This is the review of NieR: Automata. You can read our impressions here, which contains description of the game proper and its creative mastermind, Yoko Taro, both of which are relevant to this review.

NieR: Automata’s greatest strength are the questions it asks about the body, consciousness, life and death.

Questions fundamental to the human condition, that have been poked at and prodded since whatever point in our timeline humans “became” sentient: the great mystery of being able to look down at your body and say “this is my body” and think a thought and then say to yourself “I just thought something”.  Literature, art, and film, have tackled these questions since the inception of their respective mediums, not as a means to discover an answer, but to meditate on their existence. NieR: Automata decided to join that party.

That’s not a light task for any form of art. It’s easy for any work to come across as overly sentimental, pedantic, or ham-fisted when it looks at these topics but fails to strike at a new vein. This is doubly, or triply true of video games. Say what you will about the current maturity of our industry’s landscape, but looking towards the lofty has never been a strong suit for the medium.  Perhaps it’s due to its roots as pure entertainment – that the word “game” is built into the medium’s name. And that’s totally fine. Entertainment and adrenaline are a core piece of the human narrative as well.

Unfortunately for this review, describing how NieR: Automata discusses what it does would cut away the experience of playing it, to spoil everything. It’s the sort of game that must be played to understand and I don’t say that lightly. What I can describe is the vernacular it uses to bring its points home.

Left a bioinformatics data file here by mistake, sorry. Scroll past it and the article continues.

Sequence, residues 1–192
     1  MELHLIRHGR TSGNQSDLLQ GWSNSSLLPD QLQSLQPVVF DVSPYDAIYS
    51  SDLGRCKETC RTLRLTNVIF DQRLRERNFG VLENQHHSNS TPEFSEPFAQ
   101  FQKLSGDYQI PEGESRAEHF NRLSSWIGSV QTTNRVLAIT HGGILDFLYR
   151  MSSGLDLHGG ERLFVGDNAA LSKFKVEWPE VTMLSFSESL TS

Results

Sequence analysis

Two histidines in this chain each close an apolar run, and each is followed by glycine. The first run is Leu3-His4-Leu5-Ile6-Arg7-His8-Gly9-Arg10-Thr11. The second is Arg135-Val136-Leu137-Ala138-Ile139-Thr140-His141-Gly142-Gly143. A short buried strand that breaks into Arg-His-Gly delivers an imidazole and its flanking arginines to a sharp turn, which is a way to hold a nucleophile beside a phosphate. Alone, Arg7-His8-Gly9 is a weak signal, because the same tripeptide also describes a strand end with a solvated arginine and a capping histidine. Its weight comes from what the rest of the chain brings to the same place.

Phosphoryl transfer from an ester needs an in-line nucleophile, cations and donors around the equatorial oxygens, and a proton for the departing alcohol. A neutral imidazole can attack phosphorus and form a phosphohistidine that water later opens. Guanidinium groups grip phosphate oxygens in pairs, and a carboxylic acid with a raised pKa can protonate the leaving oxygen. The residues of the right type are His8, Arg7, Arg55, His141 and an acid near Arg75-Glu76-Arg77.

NieR’s setting, the 12th millenia A.D. sheds the narrative constraints of human beings – our problems, responsibilities, bodies, and the need to “feel”. We’re only fed story through artifice: characters that are either android or machine – two distinctly different “species” made by humans and aliens respectively to act as their surrogate. And act as surrogate they do, both literally, in terms of plot, but more importantly, as a canvas to describe the sensation of being human.  

Example: all android consciousness is linked to a greater network (in human terms, Carl Jung’s collective unconscious). Remember the final conflict in Ghost in the Shell? When Motoko Kusanagi tries to rip open the hatch of a quadrupedal tank, and in doing so tears her own cybernetic body apart, only to later upload her consciousness to the network, saving herself? NieR: Automata is that moment writ large. By stripping out the limitations of the human body, NieR is able to allegorically discuss that very thing, the human body, and the mind inside of it.


NieR-Automata_201606_SS_Boss_02_ONLINE-e1466200507150.jpg

Platinum, the developer of NieR: Automata has a bit of checkered pedigree.  

Bayonetta 1 and 2: widely lauded as the pinnacle of third-person character-action games — brilliant. Vanquish and Transforms: Devastation: competent but critically middling, despite their cult following. Avatar: The Last Airbender and TMNT: Mutants in Manhattan. Critically panned and pretty darn bad. Scalebound: canceled.